This is the second part of a multipart series on Internet Privacy and Security. Click Here to read the first part. In the first article in this series, we examined the anatomy of a web request, where the data goes before it reaches the target server, and why this communication is usually insecure. In this article, I will describe how we can ensure that our communications are secure even with the number of places our data moves through, focusing on the "https://" protocol (Transport Layer Security). As in the past, I will try to keep things as simple as possible, although I do intend on writing a more in depth article about the specifics of certificate based authentication in the future, so look out for that.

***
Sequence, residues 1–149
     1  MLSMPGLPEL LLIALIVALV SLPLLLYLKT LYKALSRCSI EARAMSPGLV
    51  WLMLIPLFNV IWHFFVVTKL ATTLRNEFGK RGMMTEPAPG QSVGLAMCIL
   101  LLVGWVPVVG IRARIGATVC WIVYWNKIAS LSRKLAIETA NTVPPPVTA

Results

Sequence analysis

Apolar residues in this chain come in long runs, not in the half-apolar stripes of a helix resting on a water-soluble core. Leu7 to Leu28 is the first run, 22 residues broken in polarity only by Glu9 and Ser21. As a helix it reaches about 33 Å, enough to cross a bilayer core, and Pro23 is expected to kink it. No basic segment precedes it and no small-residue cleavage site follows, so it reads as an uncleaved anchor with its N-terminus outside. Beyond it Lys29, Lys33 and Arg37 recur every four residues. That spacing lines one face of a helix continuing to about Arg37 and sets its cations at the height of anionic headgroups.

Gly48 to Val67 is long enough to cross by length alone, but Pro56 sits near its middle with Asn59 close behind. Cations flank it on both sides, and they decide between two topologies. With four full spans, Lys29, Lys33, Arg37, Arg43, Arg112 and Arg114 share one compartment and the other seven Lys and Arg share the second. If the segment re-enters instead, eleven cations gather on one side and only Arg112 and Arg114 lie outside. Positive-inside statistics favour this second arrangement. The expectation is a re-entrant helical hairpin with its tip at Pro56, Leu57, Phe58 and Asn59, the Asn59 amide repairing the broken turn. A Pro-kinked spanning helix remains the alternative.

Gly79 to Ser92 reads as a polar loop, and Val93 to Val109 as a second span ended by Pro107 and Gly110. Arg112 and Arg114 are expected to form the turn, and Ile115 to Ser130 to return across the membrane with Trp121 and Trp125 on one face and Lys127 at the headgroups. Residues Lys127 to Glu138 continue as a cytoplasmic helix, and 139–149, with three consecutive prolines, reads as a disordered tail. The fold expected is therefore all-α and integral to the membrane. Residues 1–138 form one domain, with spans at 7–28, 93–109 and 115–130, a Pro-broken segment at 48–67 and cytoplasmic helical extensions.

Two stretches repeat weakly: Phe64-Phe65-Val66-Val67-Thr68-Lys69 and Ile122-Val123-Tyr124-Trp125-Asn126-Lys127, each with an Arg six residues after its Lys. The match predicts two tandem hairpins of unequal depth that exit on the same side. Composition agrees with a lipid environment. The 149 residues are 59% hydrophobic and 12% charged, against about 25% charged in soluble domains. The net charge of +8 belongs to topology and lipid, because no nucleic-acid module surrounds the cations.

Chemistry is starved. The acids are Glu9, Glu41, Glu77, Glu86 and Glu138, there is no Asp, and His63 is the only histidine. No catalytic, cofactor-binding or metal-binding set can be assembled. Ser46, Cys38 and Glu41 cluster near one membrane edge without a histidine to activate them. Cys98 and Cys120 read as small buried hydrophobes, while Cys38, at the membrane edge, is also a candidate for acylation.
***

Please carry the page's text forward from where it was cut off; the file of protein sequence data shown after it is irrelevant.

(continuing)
What is https?
There's a very good chance that you have heard of "https" or "the little lock icon" in your browser window to "make sure that the site is secure." Even though we see this all the time, most of us have no idea what these symbols and words actually mean. Let's start with "https." Https stands for "Hyper-Text Transfer Protocol Secure." Basically, it means that the connection to the target site is made in almost the same way as we discussed in the previous article, but with a few extra steps to ensure that the data that is communicated with the site is only viewable to you and them. Once a secure connection is made, your browser will show you the "lock" icon indicating that the communication is encrypted and that the site has been identified correctly. Here's a (simplified) breakdown of how this occurs:
Your computer contacts the site and expresses its intent to make a secure connection and it sends a set of security protocols that it supports.